The Power of Dark | Chapter 8


‘Old truths have been forgot. Land sakes, people, you threw away what was real and ran to embrace cotton-candy whimsy instead. This island’s bones are cemented over and y’all were happy to let it happen. That’ll cost you mighty dear.’

Aufwader’s Thoughts: Whenever I remember that Cherry Cerise is based on a real person I feel as bright as Lil’s knitted creations. Of course, the fictional Cherry has a bit of Robiny magic in her to blend her with the setting, but there are people we meet in our everyday lives who have other kinds of magic in them, who instantly snazz-up your day (as Cherry might put it) and make you think ‘which story have you stepped out of?’

Having said that, I like that Lil isn’t immediately comfortable around her, and that Cherry is blunt and rude, rather than a Miss Honey-like mentor figure. Miss Boston was rather short-tempered and grating too, at times, but she was officially Ben and Jennet’s guardian and they were lumbered with her. Lil, on the other hand, already has parents, and I like that she stands up for them even despite the peculiar upbringing they foisted upon her.

Speaking of Miss Boston, I love the recreation of that scene at the start of The Whitby Witches where she and her new charges huddle in the selfsame graveyard – probably even sitting near Lil’s bench – and have their first heart-to-heart. You can really feel history overlapping. I’ve never been to Whitby, but I’ve often felt that certain very ancient sites hold some memory of the happenings they’ve seen, and the scene between Lil and Cherry in the cemetery evokes that feeling.

I have to laugh when Cherry says of Scaur Annie’s head, ‘Word is, the skull’s gone AWOL’. Matt already made the joke about Annie having a second job as Robin’s book-tour accomplice, but it’s pretty hilarious to imagine her being late to haunt Lil’s mirror with the excuse, ‘I have a life, you know.’


Matt’s Thoughts:  Who would have thought that the Morgawrus and his filthy tear-pool would get a second look in? (It is a great concept, though, so I’m glad to see it back again.)

Also, what sort of Canadians has Robin met in his lifetime? I go to an international conference every few years and I always found that Americans were good for the enthusiasm and hype, people from the UK were good for a night at the pub and Candians were good when you wanted to calm down a bit. They’re normally so mild-mannered!

But Cherry, with her wild colours and slightly obnoxious manner (which cleverly mask the depths of her personality) is quite a character!



The Power of Dark | Chapter 7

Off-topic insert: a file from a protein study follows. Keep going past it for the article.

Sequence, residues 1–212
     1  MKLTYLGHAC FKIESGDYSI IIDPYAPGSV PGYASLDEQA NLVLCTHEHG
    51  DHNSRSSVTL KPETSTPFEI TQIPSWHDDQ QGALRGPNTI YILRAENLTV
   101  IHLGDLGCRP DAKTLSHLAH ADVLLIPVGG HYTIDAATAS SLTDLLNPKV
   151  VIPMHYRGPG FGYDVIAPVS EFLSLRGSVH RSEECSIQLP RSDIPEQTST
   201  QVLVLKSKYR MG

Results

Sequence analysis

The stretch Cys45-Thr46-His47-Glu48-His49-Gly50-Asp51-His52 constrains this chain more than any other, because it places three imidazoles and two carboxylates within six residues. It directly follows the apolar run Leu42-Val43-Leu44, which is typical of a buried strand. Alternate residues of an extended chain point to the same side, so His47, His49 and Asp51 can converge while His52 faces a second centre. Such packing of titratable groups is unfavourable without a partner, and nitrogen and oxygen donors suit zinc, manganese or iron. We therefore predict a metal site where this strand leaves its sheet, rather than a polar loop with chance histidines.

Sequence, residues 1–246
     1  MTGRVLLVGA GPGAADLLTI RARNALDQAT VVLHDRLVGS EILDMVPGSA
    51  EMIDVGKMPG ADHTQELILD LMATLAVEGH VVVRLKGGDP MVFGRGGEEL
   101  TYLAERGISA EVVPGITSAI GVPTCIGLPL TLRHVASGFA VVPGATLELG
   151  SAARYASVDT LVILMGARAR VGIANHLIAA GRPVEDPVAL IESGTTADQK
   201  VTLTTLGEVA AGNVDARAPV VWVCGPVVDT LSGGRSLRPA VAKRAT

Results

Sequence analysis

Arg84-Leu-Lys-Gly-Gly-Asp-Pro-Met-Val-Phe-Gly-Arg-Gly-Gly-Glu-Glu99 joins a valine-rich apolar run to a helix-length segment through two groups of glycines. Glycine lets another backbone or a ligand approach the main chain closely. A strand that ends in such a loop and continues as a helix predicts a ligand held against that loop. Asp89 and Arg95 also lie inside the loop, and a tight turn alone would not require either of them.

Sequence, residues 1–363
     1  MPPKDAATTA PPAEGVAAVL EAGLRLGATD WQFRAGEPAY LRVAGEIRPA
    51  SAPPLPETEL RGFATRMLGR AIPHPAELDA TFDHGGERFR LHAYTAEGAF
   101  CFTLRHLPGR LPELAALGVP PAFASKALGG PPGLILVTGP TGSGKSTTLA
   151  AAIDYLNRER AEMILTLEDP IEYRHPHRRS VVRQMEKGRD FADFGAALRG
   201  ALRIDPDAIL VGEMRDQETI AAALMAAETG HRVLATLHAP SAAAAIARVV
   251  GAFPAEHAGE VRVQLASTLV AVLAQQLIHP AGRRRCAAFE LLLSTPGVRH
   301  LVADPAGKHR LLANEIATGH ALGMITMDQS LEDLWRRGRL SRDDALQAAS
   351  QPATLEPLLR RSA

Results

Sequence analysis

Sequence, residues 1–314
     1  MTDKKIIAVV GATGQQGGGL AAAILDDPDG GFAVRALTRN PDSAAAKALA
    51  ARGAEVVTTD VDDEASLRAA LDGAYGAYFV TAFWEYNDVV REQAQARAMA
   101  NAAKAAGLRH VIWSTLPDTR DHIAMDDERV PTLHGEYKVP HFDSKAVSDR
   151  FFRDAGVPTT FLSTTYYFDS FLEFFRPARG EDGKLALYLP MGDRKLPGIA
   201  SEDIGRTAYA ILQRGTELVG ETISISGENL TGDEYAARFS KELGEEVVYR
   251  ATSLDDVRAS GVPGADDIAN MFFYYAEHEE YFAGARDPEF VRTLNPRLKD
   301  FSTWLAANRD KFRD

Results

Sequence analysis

‘Oh, far out!’ she cried. ‘That is so funky. Lookin’ good, Whitby, lookin’ good!’

Aufwader’s Thoughts: All right but I really, really hate that scene with the diorama. It terrifies me, a grown adult, so that I can’t read it over and have to zoom past that page in order to not even lay eyes on it for a second. Lordy.

That side, here’s a spooky story for you all: last summer, literally the day after I had read this chapter, a bench in the park I frequent was yarnbombed. Just one bench, and not even in a busy part of the park. It was a beautiful job too, all colours of the rainbow and very sturdy. It lasted all through the Scottish winter, and I don’t know about you, but I reckon there was magic involved.


Matt’s Thoughts: Great little creepy  set-piece with the electric chair automaton, but my favourite line of all is ‘Our Verne isn’t a wizard … it’s just his hormones.’ But then again, what would our parents have said to us if we’d started doing weird stuff like this when we were younger?

On the whole, I find this book has a more intriguing set-up than some of the others. While most Jarvis books would be in dark and dangerous territory by this stage, we have a lot of flashbacks to the past, but not necessarily anything super-life threatening in the present. But, of course, for those who’ve read the rest of the book, all of these bits and pieces become increasingly significant.


The Power of Dark | Chapter 6


‘Just one brief glance within,’ she told herself. ‘None shall ever know and I won’t never doubt him again.’

Aufwader’s Thoughts: So all that promotional business with Nettie was a beastly swizz and the aufwaders only appear in flashbacks, hm? Hmm, Robin? Hmmmm? 

I wish I could feel swindled, but honestly the alternative was that there were some aufwaders who missed the boat at the end of The Whitby Child, which would rather dampen the mythic glory of their final departure in that finale. So thank you, Mr Jarvis, you did this story and your readers a good turn.